Americans are turning away from their credit cards in ever increasing numbers, according to a new report by Javelin Strategy & Research, a research firm specializing in the financial services and payments industries. The effects of the biggest economic crisis since the Great Depression have created a new type of a credit-averse “cautious consumer,” who is increasingly replacing credit cards with other forms of payment, including cash, checks, debit, prepaid and gift cards, according to the report.
Here are the report’s key findings:
- Among the 11% of consumers who claim they have an increased ability to put funds into savings, 46% have decreased the use of their credit cards, and 51% have decreased their spending on discretionary goods, such as entertainment, travel, luxury items and cars.
- Credit card use among consumers decreased 31% between 2007 and 2009 (87% in 2007 down to 56% in 2009); if this rate of decline continues through year end, credit card use will fall below 50%.
- The top two most populous states, California and Texas – representing almost 20% of the U.S. population – are among those in which credit card use has declined as the collapse of the housing market and rising unemployment rates have contributed to increasingly cautious consumer behavior.
- Fee sensitivity is paramount in the selection of a new card issuer, as 80% of consumers cited “no annual fee” as the most important criterion when choosing a new credit card.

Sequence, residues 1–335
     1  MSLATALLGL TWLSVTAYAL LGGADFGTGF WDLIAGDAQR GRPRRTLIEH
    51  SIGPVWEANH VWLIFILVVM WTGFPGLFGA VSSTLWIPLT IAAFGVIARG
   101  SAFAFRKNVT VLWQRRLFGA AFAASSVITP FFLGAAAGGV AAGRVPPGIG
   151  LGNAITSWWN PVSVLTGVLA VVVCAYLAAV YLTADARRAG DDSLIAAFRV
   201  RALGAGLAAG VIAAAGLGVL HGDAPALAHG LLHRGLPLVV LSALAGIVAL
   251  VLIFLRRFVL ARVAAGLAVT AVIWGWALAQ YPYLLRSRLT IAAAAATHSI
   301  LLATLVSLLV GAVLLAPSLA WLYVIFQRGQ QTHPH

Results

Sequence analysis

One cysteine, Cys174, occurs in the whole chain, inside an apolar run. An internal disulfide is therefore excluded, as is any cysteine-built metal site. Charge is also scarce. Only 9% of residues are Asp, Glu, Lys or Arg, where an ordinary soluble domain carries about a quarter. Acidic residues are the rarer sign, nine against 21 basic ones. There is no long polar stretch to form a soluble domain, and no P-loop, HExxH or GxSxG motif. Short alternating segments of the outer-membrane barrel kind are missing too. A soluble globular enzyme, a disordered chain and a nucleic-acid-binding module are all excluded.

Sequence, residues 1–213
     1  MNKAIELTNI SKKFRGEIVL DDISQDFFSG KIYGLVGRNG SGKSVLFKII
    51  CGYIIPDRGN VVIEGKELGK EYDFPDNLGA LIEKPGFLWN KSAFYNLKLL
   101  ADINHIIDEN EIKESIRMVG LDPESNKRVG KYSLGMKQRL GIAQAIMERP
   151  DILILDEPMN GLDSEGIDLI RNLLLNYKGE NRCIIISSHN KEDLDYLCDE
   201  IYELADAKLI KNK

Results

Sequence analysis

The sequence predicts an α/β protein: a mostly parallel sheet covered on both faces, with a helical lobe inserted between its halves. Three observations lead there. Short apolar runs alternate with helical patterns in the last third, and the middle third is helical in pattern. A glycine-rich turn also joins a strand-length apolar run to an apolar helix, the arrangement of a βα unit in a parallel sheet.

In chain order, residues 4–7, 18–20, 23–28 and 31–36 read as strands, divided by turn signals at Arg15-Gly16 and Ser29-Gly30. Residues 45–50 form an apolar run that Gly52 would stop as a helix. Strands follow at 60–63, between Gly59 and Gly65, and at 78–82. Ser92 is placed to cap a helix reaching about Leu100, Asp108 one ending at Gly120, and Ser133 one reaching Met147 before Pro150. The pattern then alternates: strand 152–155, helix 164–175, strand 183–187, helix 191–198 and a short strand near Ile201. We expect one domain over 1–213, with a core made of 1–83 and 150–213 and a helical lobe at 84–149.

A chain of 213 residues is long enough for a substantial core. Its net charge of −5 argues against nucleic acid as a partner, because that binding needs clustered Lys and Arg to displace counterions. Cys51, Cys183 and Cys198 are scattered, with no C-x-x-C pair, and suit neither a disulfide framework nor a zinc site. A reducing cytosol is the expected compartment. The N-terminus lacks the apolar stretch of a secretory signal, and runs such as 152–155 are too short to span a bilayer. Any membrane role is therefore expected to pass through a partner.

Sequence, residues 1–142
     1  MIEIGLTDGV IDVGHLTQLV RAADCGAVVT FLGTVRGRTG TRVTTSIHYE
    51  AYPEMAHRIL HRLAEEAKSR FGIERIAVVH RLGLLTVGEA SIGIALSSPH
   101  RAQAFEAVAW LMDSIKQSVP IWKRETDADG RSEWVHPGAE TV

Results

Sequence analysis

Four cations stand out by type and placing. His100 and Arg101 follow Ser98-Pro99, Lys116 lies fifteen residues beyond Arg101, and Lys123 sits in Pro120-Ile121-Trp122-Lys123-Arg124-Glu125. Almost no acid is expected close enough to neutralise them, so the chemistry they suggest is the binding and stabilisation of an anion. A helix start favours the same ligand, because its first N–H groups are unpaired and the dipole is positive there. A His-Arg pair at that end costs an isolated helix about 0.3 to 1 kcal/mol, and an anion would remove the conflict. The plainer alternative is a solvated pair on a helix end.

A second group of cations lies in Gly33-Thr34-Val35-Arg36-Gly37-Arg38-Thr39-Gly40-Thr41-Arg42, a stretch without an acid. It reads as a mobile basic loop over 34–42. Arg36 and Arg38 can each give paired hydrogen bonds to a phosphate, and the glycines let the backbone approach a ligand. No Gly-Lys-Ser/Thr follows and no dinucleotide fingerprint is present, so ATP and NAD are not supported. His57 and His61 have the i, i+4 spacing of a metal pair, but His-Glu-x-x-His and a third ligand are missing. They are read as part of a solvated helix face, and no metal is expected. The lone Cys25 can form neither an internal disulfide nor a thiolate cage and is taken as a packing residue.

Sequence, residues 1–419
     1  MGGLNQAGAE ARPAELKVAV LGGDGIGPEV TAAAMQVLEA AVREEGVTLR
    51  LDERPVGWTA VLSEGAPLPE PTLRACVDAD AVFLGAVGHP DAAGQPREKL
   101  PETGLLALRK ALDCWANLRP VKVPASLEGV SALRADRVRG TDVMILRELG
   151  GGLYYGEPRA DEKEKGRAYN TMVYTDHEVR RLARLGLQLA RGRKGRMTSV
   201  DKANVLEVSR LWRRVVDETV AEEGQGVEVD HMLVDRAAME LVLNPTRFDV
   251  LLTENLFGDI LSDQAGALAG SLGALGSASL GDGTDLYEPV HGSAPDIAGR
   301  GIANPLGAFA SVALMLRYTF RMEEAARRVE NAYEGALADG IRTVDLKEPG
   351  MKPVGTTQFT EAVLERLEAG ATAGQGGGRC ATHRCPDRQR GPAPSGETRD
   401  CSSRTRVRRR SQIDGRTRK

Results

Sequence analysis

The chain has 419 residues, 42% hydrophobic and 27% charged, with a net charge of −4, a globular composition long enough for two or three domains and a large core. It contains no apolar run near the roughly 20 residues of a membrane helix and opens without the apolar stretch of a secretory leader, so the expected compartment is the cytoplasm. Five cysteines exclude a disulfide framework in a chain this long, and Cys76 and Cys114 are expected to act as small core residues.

“Javelin’s research shows that as the economy recovers, many credit card-wary, cash-hoarding consumers have the means, but simply lack the motivation to spend,” commented James Van Dyke, President and Founder, Javelin Strategy & Research.?á”The upside is that consumers can look forward to new offers such as lower fees, increased rewards, and reduced rates as credit card issuers scramble to adjust their strategies and look for new ways to court consumers and reinvigorate spending.”
Javelin’s study is the latest of a string of reports indicating a marked shift in consumer behavior away from incurring debt and toward spending within one’s income. Most tellingly, the total volume of debit card payments surpassed the credit card volume for the first time in 2009 and the trend is certain to continue in 2010, according to the Pleasanton, California-based firm’s report. Moreover, an increasing number of credit card users are paying their monthly bills on time, according to a report by Fitch Ratings, a credit ratings agency. Payments late by 60 days or more reached a 19-month low in July, according to Fitch. The same report showed that the rate at which cardholders are repaying their card balances each month has reached its highest level in two years.
Yet, it is not clear how long this behavioral shift will last. Right now access to new credit is still very difficult, according to a survey conducted for FICO and it is expected to remain tight, at least through the end of 2010. Economic conditions will eventually improve though, one hopes, and whether consumers will remain conservative in their spending remains to be seen. If past experience is anything to go by, however, when unemployment is low and credit is easy, people are using it.
Image credit: Financetunnel.blogspot.com.